The river was her language. Eleven-year-old Akuany stood in the shallow, humming Nile, listening to what the water was saying, believing. Reeds moved in the breeze. The river smelled of fish; its surface was silk. Akuany pressed her feet in the sticky mud, looked down at the shifting cloth that covered her hips. The raised tribal decorations on her stomach were now in the water. She bent her knees, and her breasts became wet. They were uncomfortable these days, the areoles soft and stretched. Older boys pinched them and laughed even though it pained her. Women looked at her with sympathy. Motherless child, her toddler brother, Bol, perched on her hip. They thought her mature for her age, but here in the water she was carefree, teasing the fish because they were too slippery to catch. The river was a place to draw water and wash, to fish and set sail, and for her it was more, the spirit of who she was. The place that kept her safe when they raided the village.
On the bank she could see Yaseen, the young merchant from Khartoum, her father’s guest, sitting reading. Bol was squatting near him, reaching to clasp his ebony prayer beads. A wisp of smoke rose over the village, more than a wisp. She saw it, but it did not alarm her at first. Hitting her palms against the water, she could hear Bol babbling, the merchant saying something to him in return. The woman who was washing her clothes admonished her daughter. None of them heard the horses neighing, the huts catching fire, the screams of those who were speared and those who were shackled to be driven away to the slave markets farther north.
When the woman washing the clothes turned and saw the smoke, she cried out. She ran up the bank, anxious about her younger children, hurling herself toward danger. Yaseen, the merchant, called out to her, but she didn’t listen, and her daughter went with her too. Akuany and her brother stayed with Yaseen. He understood the meaning of the smoke. The three of them waited for hours. Akuany’s skin dried, and she held Bol on her lap. At first, she was soothed by the songs of the river. Then she felt hungry and Yaseen had no food. Her brother whined and Yaseen told him to be quiet. “Go to sleep, both of you,” he said. And they did. They curled up next to him and fell asleep with their stomachs rumbling.
Akuany had always liked Yaseen. He came from Khartoum to buy gum from her father, carrying back the balls in large baskets hitched to his camels. He came once a year after the rains stopped and the roads dried. When he was younger, he used to come with his father, but Akuany had only shadowy memories of the older man. Yaseen brought sweets for Akuany, and because he smiled and had a nice way of talking, their home would change in his presence. It would feel like feast days even though it wasn’t. Yaseen usually stayed with them a week but to Akuany it always felt longer. There was the excitement of preparing for his arrival. For days her father would pick or tap gum from the acacia trees that grew wild. How beautiful the gum looked, glistening in the sun! She had tasted it once and it got stuck to her teeth. There would be a special welcoming meal for the Khartoum merchant, which, now that her mother was gone, was cooked by the neighbors with the millet flour and vegetables brought by her father. After Yaseen finished eating, he would look up, his fingers still sticky with food and say, “Akuany will take me to the river.” He said it as if he could not go there on his own, as if he had forgotten the way. She would lead him, charged with pride. When she was younger, she chatted all the way. This time though she had been uncharacteristically shy. He did not go into the water with her. He never did. He would sit with a toothpick in his mouth or his prayer beads or book, the folio pages held between hard covers, which he was careful not to smudge with water or mud. He would gaze at the water or if it was late afternoon up at the sky, and often Akuany, playing in the water, would forget his presence.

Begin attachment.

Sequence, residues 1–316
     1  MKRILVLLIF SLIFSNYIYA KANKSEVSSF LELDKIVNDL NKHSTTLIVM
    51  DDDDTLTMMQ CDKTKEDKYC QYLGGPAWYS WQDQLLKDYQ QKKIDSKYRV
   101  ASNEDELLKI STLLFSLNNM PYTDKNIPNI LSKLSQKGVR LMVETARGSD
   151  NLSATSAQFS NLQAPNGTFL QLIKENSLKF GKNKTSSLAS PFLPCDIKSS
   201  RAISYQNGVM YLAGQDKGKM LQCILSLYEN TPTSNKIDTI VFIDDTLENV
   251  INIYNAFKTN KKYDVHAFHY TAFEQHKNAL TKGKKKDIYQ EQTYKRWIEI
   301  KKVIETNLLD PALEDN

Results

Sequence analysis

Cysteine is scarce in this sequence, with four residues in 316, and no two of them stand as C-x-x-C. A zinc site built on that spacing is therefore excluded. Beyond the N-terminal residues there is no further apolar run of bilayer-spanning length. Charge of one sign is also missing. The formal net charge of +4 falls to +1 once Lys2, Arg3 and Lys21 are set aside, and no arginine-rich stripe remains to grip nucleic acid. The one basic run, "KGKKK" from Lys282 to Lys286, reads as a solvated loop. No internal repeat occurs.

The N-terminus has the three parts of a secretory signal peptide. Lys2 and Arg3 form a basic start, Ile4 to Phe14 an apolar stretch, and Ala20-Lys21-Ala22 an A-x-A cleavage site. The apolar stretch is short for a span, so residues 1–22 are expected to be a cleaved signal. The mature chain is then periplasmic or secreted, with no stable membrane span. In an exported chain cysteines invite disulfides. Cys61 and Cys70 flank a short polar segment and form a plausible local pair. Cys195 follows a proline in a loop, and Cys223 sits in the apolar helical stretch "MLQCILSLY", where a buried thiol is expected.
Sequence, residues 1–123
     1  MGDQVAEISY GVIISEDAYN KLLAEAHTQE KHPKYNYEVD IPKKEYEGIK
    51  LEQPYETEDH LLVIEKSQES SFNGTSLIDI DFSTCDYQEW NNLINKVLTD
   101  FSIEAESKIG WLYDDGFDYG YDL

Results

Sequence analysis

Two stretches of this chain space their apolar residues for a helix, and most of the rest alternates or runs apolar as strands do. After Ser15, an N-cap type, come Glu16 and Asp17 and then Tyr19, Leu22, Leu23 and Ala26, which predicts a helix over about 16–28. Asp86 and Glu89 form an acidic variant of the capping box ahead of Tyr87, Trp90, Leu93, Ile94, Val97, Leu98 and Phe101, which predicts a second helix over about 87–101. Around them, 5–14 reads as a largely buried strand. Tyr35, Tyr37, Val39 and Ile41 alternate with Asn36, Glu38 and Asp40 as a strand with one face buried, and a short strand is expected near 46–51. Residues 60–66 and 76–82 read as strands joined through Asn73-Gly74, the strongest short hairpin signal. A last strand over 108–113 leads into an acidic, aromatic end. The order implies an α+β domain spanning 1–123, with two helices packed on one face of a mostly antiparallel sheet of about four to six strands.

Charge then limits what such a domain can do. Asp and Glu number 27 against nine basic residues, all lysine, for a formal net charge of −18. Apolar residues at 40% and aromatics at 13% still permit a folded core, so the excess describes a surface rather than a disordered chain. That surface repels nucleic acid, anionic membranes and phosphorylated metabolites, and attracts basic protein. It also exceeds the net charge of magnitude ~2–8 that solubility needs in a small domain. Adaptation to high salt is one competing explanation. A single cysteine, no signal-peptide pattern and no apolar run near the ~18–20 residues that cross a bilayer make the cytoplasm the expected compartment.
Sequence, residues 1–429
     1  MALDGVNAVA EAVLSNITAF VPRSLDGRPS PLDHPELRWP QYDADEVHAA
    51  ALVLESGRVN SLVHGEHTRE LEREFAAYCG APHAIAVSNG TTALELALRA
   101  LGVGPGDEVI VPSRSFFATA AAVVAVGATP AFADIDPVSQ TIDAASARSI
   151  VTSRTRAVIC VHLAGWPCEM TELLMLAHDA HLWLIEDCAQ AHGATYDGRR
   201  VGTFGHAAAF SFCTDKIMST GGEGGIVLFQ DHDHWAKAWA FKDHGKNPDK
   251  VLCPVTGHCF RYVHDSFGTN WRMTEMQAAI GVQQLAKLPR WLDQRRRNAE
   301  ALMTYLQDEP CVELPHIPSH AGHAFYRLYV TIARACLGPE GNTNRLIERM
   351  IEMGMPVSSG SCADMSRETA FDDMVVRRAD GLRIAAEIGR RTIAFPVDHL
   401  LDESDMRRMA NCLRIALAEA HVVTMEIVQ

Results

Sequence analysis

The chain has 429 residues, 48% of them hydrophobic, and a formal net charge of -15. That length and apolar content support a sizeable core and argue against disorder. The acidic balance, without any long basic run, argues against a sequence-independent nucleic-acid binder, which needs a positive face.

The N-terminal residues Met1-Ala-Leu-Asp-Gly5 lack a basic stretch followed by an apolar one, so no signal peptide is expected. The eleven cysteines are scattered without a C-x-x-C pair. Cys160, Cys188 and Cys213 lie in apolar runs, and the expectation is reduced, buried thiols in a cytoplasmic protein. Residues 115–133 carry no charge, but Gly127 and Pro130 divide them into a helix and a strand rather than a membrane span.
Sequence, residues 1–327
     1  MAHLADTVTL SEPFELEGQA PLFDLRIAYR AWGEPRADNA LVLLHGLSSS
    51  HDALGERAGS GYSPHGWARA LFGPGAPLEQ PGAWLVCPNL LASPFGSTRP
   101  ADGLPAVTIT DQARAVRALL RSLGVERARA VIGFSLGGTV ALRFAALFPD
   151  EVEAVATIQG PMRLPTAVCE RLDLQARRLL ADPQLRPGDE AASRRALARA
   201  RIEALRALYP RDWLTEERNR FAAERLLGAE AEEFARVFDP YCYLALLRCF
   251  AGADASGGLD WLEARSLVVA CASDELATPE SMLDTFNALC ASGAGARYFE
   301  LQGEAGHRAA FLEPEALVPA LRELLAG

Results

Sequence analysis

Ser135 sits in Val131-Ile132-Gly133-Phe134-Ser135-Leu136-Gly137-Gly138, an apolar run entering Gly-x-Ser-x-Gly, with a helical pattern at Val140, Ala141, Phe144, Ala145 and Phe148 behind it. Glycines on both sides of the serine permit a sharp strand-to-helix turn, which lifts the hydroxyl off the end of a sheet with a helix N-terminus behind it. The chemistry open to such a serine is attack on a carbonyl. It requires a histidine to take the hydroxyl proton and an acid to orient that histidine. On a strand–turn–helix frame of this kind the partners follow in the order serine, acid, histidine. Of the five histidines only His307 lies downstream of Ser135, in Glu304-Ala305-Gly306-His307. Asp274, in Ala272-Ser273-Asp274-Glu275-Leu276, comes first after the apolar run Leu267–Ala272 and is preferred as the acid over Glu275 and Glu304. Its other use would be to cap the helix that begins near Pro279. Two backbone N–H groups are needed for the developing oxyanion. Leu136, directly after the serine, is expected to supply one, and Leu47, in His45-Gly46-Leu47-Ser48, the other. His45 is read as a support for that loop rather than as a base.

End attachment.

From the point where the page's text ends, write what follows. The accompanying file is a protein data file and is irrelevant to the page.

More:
Fearful, they spent the whole night at the river. The merchant kept saying, “Some of the raiders might still be there. They’ll take us too.” Then he would sigh and say, “Oh the loss.” Then he would pray. On the morning of the following day, he went back on his own. He was not gone long, but Bol would not stop crying. When Yaseen came back, he looked like he had been crying, too, but he had food with him. Sesame seeds, a bruised mango, and dried bread that the children gobbled while he sat away from them with his face in his hands. He told her not to go back with him to the village, and when she insisted, he said she must close her eyes. “Don’t look, don’t look, Akuany.” But she did look and saw things broken, upside down, distorted and in their distortions lopsided and looming up at her. Homes burnt to ashes, beddings and utensils smashed, livestock vanished. Healing powder knocked out of a horn, cracked mortar, grains of millet scattered on the ground. The elderly roamed like ghosts in the remaining smoke. The disabled and ill tossed aside. Not a single beautiful white cow to be found. All the vitality gone or going, for it was not safe to remain in such a vulnerable spot. The raiders might come back for the remaining able-bodied. She choked on the smoke, gulped fire; tears ran down her face. Yaseen kept saying, “Close your eyes, don’t look!” She closed them and still saw horrors, could not keep them closed. Opened them to see the worst thing of all. In the epicenter of the devastation was her father, splayed flat in front of their hut, speared to death.
Yaseen buried their father and took charge. Akuany and Bol were his responsibility now. He would take them back with him to Khartoum. A month ago—a week ago—such a prospect would have filled her with adventurous delight. To be with him on a journey, to be taken to his home, which must be grander than hers. His city, which was bigger. To be with his family eating the same food. A day ago, she might have been beaming, but now she could hardly understand what he was saying. His voice, his orders, reached her from a faraway place, his face close to hers repeating her name. “You must stop crying and look after your brother. We must pack what we can and get out of here!” Where is this, where is that? In one surreal moment he found her mother’s jewelry and pushed bracelets up her arms and around her ankles, strung beads around her neck. She would sink and he would yank her back. She would drift, and he would pull. She would drown if he lost his grip.